Review: Top Secret America – The Rise of the New American Security State

6 Star Top 10%, America (Founders, Current Situation), Asymmetric, Cyber, Hacking, Odd War, Censorship & Denial of Access, Complexity & Catastrophe, Congress (Failure, Reform), Corruption, Crime (Corporate), Crime (Government), Culture, Research, Empire, Sorrows, Hubris, Blowback, Executive (Partisan Failure, Reform), Impeachment & Treason, Information Operations, Intelligence (Government/Secret), Justice (Failure, Reform), Military & Pentagon Power, Misinformation & Propaganda, Power (Pathologies & Utilization), Secrecy & Politics of Secrecy, Terrorism & Jihad, Threats (Emerging & Perennial), True Cost & Toxicity, Values, Ethics, Sustainable Evolution, War & Face of Battle
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Dana Priest and William M. Arkin

5.0 out of 5 stars 6 Stars–A Nation-Changing Public Mind Opener of a Book,September 2, 2011

I generally take a very jaundiced view of books that emerge from Washington Post columns I have already read, but this book surprised, engages, and out-performs the columns by such a leap that I have to rate it at six stars (10% of what I read and review), and call it a nation-changing book.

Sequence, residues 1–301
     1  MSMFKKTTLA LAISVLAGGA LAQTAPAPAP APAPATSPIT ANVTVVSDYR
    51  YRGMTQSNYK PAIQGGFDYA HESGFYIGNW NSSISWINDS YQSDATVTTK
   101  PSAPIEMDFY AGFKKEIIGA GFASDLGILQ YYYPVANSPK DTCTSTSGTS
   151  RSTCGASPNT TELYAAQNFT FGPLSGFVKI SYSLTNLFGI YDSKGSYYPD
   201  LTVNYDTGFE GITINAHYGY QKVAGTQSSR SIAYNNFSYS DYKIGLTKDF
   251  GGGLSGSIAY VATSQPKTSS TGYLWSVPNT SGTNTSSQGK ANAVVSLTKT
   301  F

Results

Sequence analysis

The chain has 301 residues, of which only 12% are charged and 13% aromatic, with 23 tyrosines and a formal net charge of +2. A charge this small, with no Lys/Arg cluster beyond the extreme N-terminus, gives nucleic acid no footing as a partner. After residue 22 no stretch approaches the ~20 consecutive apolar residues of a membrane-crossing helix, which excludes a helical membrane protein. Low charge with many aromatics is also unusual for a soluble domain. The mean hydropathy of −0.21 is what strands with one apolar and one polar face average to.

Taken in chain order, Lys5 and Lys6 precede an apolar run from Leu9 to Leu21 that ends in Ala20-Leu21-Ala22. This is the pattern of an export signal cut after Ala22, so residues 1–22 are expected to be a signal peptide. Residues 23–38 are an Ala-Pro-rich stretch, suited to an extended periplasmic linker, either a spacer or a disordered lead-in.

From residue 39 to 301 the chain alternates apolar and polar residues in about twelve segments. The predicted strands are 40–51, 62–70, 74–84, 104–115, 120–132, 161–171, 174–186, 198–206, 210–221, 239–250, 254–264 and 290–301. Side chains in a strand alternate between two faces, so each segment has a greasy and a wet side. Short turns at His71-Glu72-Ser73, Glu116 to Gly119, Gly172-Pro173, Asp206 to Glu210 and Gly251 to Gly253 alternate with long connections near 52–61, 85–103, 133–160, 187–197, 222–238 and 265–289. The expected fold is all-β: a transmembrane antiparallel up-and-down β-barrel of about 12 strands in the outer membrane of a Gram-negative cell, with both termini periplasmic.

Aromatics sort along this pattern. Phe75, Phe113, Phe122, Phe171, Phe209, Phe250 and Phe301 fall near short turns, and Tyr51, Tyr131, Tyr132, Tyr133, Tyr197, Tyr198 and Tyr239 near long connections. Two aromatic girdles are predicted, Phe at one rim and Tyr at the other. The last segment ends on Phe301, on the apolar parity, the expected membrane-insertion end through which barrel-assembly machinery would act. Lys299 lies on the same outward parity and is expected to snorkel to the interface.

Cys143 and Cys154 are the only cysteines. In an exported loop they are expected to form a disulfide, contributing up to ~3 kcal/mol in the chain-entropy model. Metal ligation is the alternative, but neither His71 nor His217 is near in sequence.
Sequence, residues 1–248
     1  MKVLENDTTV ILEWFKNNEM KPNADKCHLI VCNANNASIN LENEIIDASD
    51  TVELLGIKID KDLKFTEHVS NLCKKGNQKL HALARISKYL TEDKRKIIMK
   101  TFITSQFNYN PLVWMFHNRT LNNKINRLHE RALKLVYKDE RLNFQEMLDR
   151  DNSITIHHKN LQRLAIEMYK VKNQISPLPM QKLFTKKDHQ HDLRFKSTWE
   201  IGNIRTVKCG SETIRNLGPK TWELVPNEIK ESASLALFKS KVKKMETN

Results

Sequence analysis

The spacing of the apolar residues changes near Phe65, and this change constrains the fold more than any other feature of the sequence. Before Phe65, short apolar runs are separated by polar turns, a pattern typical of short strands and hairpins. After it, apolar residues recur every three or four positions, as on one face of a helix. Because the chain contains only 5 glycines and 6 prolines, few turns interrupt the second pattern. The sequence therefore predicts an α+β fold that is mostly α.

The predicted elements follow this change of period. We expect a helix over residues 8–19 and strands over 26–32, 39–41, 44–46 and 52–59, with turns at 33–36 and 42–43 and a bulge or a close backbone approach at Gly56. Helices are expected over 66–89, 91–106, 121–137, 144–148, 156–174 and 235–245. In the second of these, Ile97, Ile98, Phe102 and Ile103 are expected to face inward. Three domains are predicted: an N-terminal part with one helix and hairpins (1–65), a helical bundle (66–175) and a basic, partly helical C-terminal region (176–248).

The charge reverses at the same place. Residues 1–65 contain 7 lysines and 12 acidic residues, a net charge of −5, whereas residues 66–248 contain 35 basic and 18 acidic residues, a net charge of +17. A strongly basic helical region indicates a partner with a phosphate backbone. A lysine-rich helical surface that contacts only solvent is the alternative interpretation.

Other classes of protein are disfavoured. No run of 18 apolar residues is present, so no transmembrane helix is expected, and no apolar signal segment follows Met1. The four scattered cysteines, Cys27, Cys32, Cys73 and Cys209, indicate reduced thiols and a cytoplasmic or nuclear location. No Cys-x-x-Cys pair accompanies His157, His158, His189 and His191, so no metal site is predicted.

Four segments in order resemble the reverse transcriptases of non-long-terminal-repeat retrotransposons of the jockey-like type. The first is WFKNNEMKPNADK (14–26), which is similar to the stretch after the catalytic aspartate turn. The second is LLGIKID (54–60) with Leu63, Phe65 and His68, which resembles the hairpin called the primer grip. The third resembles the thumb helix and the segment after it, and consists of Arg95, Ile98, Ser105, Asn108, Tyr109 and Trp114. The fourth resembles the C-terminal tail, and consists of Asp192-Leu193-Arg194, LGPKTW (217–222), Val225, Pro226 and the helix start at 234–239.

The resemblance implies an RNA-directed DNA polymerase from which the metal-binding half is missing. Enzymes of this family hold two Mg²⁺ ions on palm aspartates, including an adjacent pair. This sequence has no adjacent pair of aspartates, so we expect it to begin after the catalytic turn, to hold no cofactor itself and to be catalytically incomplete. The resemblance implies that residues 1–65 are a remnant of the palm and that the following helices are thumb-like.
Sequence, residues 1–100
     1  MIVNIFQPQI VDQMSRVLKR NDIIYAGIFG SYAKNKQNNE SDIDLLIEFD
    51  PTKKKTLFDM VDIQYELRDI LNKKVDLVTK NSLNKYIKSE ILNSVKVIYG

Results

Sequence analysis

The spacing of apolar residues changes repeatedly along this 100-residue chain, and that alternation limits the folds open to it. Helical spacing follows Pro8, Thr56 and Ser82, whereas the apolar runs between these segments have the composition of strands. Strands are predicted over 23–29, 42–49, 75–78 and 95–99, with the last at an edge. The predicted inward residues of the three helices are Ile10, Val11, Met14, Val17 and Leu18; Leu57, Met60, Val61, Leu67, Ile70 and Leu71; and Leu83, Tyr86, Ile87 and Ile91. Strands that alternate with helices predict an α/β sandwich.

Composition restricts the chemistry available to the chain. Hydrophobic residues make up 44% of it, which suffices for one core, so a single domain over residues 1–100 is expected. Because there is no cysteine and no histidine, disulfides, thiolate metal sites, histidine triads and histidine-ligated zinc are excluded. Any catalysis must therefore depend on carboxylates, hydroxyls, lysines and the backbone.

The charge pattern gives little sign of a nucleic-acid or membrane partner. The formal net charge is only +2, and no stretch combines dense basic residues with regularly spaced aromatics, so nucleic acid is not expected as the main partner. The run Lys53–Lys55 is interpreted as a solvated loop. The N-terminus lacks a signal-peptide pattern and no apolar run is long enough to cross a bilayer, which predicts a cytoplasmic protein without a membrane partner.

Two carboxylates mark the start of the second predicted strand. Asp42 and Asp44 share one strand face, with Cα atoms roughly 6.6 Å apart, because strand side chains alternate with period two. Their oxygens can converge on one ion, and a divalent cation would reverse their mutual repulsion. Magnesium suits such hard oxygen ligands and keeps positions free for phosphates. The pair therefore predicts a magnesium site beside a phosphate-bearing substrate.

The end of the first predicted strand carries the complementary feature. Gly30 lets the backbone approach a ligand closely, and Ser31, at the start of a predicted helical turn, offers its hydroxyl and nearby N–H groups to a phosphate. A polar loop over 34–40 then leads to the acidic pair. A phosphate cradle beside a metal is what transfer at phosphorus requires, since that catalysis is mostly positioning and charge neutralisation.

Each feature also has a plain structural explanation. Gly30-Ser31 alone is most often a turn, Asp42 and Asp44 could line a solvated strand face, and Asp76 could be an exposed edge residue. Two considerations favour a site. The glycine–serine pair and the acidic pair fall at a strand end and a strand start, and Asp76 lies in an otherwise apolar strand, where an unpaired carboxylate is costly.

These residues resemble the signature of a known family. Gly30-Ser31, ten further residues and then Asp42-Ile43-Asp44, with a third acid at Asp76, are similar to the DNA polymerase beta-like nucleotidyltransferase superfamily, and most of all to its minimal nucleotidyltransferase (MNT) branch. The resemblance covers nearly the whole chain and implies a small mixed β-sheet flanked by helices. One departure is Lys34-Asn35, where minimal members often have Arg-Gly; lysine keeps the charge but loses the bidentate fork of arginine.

Early on the book captures me in a way the columns did not–this is a book with integrity. It is a book that sees the corruption in Washington and the inter-play of political fears of losing elections and the need to arouse public fears of the unknown. It is not just a book about the massive waste of taxpayer expenditures on a security state that harms more than it hurts, it is a book about loyal, sensible employees who are anguished at the idiocy of what they are asked to do, and in the many cases of those who broke ranks to speak to the authors, eager to have the public know the truth of the matter.

This is a book that seeks to arouse the public to do its duty, to have a conversation, to demand of the politicians in Washington a serious conversation, a serious assessment, of what it is we are about–as a nation, and with this pervasive security state program.

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Review: The Mission–Waging War and Keeping Peace with America’s Military

5 Star, Empire, Sorrows, Hubris, Blowback, Military & Pentagon Power, War & Face of Battle

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5.0 out of 5 stars Ground Truth Reading About Failure of US Policy Process,

February 14, 2004
Dana Priest
I did not buy this book at first, having read and thoroughly enjoyed the many long articles the author contributed through The Washington Post, all of which comprise the middle two thirds of the book. However, at the recommendation of a retired Army Special Forces Colonel, I finally did buy it, and I am glad I did.Unlike the articles, which focused on the questionable use of Special Forces to train forces within repressive regimes around the world, from Colombia to Indonesia to Central Asia, the book more properly focuses on the complete lack of a US inter-agency planning process, the complete lack of a US means of coordinating actions and spending by all US agencies, and consequently, the complete lack of a US national security and global engagement strategy that is so vital to protecting America from attack and protecting American interests in a coherent and sensible fashion.